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Led by François-Henri Pinault, Chairman and CEO, Kering, 32 leading companies from the fashion and textile industry have given themselves a set of shared objectives in the form of a Fashion Pact.
In April 2019, ahead of the G7 meeting which took place in the French town of Biarritz on August 23-26, France’s President Emmanuel Macron gave Pinault a mission to bring together the leading players in fashion and textile, with the aim of setting practical objectives for reducing the environmental impact of their industry. The coalition includes groups and brands in luxury, fashion, sports and lifestyle, along with suppliers and retailers, all of whom are already involved in separate environmental strategies, including Adidas, Burberry, Chanel, Ferragamo, Hermès, Prada and Puma.
Drawing on the Science-Based Targets (SBT) initiative, the Fashion Pact focusses on action in three “essential areas for safeguarding the planet”; stop global warming, restore biodiversity and protect the oceans. “Private companies, working alongside nation states, have an essential role to play in protecting the planet. With the Fashion Pact, some leading players in the fashion and textile sector are joining forces for the first time to launch an unprecedented movement”, says a statement released by Kering. “A collective endeavor by its nature, the Fashion Pact is open to any company that wants to help to fundamentally transform the practices of the fashion and textile industry, and to meet the environmental challenges of our century”.
The Fashion Pact says it aims to “eliminate the sourcing from intensive feed-lot based farming” and support production systems that “optimise the animals’ time on natural pasture aligned with the adoption of animal welfare standards across the industry”. It will seek to support material and process innovations that have no negative impact on key species and ecosystems, and provide support for the development and implementation of certifications schemes for all key (high impact) materials such as leather, cotton, cashmere, wool, metals, viscose and synthetics, while supporting quantitative targets on the percentage of materials and processes that are covered by sustainability certifications. It says it will also support initiatives that advocate new approaches in farming and agriculture that eliminate the need for intensive, high impact systems.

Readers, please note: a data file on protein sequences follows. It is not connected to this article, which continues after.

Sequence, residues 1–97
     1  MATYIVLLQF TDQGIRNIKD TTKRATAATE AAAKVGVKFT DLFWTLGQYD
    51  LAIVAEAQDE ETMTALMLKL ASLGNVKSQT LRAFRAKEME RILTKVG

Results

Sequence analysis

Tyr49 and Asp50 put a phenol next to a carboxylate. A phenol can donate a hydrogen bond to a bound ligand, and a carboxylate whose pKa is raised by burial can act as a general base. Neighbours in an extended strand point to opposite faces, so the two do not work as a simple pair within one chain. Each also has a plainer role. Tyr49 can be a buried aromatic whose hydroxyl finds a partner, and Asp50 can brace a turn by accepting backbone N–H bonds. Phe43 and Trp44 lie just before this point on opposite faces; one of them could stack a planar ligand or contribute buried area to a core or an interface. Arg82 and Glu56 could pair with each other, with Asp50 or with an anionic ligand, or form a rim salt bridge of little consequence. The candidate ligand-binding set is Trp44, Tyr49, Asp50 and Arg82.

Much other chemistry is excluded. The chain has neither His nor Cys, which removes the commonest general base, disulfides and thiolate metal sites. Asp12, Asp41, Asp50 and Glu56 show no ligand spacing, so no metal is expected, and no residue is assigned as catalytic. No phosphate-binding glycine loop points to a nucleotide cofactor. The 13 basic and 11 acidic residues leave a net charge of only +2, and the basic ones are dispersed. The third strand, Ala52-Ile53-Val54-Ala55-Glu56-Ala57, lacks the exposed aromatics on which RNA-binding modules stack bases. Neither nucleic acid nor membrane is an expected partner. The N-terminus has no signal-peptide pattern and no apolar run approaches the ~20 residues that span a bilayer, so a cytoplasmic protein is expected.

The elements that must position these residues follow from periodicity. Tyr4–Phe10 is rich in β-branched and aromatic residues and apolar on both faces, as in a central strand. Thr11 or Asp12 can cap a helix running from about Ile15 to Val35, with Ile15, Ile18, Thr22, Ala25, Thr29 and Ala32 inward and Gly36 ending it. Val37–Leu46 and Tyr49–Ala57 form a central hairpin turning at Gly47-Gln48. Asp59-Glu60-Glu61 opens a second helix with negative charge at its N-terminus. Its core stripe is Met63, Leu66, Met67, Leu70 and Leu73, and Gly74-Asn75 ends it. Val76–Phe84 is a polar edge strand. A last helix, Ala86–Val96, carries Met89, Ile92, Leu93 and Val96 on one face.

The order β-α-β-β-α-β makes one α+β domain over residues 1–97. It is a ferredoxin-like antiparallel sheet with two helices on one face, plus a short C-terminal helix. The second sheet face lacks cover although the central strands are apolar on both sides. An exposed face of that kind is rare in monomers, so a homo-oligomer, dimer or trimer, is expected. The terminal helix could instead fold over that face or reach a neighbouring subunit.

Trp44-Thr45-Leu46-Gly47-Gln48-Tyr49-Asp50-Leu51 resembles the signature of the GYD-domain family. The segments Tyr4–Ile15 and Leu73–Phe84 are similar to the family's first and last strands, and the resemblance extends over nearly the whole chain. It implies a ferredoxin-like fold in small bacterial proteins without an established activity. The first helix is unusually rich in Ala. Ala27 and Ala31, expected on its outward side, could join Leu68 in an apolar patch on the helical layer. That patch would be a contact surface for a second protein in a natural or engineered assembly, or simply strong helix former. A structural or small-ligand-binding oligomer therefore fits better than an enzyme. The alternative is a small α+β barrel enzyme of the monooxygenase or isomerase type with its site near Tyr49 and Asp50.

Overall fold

Chief Sustainability Officers as ‘fashion’s new influencers’
Vogue Business has declared Chief Sustainability Officers as ‘fashion’s new influencers’. “There are two important ingredients for making sustainability business as usual”, said Tamsin Lejeune, CEO, Common Objective. “One is that there is bold leadership from the top to set an ambitious sustainability agenda, and the second is that it is embedded across teams. Sustainability is no longer the sole responsibility of the CSR or ethical trading department - it is something every fashion professional needs to understand in order to be good at their job”.
Launched in May 2018 by the team who ran global not-for-profit the Ethical Fashion Forum, B2B sourcing and information network Common Objective (CO) aims to be the practical tool for fashion professionals to help them succeed sustainably in their role or business. As of August 2019, over 18,000 members have joined CO, including from world leading brands and retailers such as Kering, LVMH, Burberry, Nike, and ASOS.